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  1. rdc1978

    Getting from emulsion to very light trace

    I won't put too fine a point in it, but to quote the article by amy on the soap challenge club. Here’s a new tip: No matter which method you use to blend – whether it is using a stick blender or a whisk, check the temperature of the soap batter when you first combine the oils and lye. As soon...
  2. rdc1978

    Today’s soap thing is a CP that’s stuck in gel mode

    I've repurposed Amazon boxes as slab molds and I love it. I love the idea of reusing things destined for the trash. I cut off the outside flaps, cut out the inside flaps, reinforce the seam and line with freezer paper. The extra cardboard can be used for other things.
  3. rdc1978

    Gardener's soap

    This soap is so pretty, and what a professional cut!!!!!
  4. rdc1978

    What soapy thing have you done today?

    I'm so excited for you! And for me! Looking at your photos gets me all hyped! Mine is arriving tomorrow!
  5. rdc1978

    Getting from emulsion to very light trace

    What I said was that 93 degrees was a more accurate representation of a starting temperature since it reflected on the surface what was occuring below the surface. Since the thermometer measured only the surface, it was important to get a starting temp that reflected what was occuring below...
  6. rdc1978

    Getting from emulsion to very light trace

    I believe the lye causes the ability to stabilize the emulsion, but doesnt cause the emulsion itself. Without a stabilizing agent such as lye the oil and water would separate, because that is the most efficient energy state for the molecules. It's my understanding as well that once emulsion...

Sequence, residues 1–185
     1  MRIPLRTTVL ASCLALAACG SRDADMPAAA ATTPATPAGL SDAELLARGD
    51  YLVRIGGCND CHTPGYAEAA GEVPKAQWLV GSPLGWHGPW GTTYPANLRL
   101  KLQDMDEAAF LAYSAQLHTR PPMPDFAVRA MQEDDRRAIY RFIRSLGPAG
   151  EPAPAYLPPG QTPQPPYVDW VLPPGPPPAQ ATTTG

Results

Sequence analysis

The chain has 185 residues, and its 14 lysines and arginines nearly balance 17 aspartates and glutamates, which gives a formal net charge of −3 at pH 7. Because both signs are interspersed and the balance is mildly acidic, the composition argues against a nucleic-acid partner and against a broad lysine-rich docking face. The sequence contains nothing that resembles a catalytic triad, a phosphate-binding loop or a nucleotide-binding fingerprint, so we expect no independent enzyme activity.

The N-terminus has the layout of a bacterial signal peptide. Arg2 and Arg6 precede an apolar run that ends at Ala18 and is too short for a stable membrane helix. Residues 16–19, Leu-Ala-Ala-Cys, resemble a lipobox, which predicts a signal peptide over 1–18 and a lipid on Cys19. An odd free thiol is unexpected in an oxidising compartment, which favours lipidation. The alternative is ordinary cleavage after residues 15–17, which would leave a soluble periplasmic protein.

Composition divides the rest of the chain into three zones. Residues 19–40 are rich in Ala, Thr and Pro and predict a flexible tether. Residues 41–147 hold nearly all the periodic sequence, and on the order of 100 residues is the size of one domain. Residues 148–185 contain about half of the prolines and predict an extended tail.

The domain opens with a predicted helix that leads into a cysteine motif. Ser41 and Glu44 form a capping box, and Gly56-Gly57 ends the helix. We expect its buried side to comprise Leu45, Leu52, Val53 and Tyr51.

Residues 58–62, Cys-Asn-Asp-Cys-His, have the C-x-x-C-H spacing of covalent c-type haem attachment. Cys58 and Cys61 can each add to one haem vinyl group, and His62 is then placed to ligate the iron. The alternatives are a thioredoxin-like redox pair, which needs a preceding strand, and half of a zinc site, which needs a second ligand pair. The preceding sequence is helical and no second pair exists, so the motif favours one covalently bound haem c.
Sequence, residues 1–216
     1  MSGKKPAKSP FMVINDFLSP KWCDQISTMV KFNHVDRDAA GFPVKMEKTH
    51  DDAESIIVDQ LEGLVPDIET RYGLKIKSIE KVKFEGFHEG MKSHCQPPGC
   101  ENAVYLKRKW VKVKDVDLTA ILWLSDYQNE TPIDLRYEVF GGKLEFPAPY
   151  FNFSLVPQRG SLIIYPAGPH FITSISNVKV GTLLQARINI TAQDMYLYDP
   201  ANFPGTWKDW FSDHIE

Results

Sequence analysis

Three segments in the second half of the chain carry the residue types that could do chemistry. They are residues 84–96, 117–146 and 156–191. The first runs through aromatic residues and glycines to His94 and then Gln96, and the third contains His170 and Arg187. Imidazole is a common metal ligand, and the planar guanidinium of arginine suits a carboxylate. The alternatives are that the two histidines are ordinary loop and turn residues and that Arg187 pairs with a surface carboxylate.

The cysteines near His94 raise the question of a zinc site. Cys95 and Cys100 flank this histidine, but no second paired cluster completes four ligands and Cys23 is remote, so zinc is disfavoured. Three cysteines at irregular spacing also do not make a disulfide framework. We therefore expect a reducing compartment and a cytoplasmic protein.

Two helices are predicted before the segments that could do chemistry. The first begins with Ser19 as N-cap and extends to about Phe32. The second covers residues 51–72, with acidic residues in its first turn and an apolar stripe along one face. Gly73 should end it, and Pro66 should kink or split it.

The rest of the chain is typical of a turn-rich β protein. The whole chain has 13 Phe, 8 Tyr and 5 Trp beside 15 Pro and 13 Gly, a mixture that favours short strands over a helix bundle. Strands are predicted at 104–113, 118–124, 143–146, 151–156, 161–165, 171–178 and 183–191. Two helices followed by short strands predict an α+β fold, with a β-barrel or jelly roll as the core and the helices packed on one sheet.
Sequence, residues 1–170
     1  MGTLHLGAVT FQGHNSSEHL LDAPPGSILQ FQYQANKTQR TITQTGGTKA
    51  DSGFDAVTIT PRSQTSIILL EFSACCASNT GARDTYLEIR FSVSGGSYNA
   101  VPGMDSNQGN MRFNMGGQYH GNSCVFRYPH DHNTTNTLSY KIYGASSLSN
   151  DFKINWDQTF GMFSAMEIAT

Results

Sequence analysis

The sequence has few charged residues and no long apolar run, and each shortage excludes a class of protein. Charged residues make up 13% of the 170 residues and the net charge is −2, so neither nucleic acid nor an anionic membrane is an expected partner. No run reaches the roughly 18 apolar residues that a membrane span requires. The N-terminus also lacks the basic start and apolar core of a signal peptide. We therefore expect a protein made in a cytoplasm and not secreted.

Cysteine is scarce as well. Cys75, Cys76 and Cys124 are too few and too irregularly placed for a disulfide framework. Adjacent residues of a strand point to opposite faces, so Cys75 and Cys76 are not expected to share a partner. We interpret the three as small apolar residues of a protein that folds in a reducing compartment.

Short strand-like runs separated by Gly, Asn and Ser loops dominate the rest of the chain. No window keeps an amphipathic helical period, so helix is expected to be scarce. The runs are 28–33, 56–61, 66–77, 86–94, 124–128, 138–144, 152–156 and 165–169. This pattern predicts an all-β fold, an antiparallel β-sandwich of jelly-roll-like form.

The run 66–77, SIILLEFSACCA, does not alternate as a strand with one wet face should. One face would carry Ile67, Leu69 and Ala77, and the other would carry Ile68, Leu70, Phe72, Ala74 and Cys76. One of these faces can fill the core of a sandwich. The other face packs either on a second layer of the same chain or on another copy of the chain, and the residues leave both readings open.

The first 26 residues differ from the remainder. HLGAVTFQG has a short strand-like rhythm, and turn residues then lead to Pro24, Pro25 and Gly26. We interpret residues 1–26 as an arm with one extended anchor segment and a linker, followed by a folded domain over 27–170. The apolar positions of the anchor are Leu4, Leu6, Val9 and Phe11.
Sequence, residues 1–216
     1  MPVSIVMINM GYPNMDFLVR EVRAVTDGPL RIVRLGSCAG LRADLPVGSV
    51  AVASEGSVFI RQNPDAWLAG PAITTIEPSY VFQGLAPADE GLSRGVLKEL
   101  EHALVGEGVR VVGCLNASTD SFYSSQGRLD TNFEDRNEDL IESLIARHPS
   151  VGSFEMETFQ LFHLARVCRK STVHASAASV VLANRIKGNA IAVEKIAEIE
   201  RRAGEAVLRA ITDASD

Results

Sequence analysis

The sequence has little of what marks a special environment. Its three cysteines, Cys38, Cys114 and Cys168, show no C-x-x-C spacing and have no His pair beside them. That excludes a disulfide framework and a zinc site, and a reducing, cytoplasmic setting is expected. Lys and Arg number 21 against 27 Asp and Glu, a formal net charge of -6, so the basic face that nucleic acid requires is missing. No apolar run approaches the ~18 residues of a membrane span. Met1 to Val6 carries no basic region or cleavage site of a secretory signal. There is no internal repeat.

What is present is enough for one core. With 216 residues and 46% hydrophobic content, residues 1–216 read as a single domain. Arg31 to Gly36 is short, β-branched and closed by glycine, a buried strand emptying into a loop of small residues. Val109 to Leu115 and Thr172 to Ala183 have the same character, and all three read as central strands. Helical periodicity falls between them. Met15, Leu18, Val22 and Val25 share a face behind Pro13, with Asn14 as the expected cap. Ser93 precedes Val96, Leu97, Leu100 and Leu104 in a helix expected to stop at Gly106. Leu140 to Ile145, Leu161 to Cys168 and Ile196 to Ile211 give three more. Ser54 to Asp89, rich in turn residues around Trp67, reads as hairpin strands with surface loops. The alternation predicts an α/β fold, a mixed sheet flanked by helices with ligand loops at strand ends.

7. rdc1978

    Getting from emulsion to very light trace

    Have you checked? A one degree change in temperature would be hard to feel. Salad dressing is also a bit different as the emulsion isn't stable and when left alone the molecules return to the state that requires the least energy, namely they separate back into oil and water because existing as...
  8. rdc1978

    Getting from emulsion to very light trace

    The process of emulsification requires the molecules to expend energy for one to become suspended in the other. That expension of energy causes heat. Expending energy always causes heat. Which explains the degree change in temperature from when the molecules are not emulsified from when they...
  9. rdc1978

    Getting from emulsion to very light trace

    Which is why I tested it. And just because not everyone is doing something doesn't mean it's not true. Particularly if the prevailing wisdom is to eschew and reject any potential new knowledge or methodology. So if someone who isn't quite sure when or if they have gotten to emulsion wants...
  10. rdc1978

    Getting from emulsion to very light trace

    I'd agree that it's probably unnecessary work, but the information is there for those who want it. LOL, frankly, every single thing about soaping is unnecessary, IMO. But I enjoy it and even this experiment was fun for me. However I wouldn't expect anyone who has soaped for 17 years to need...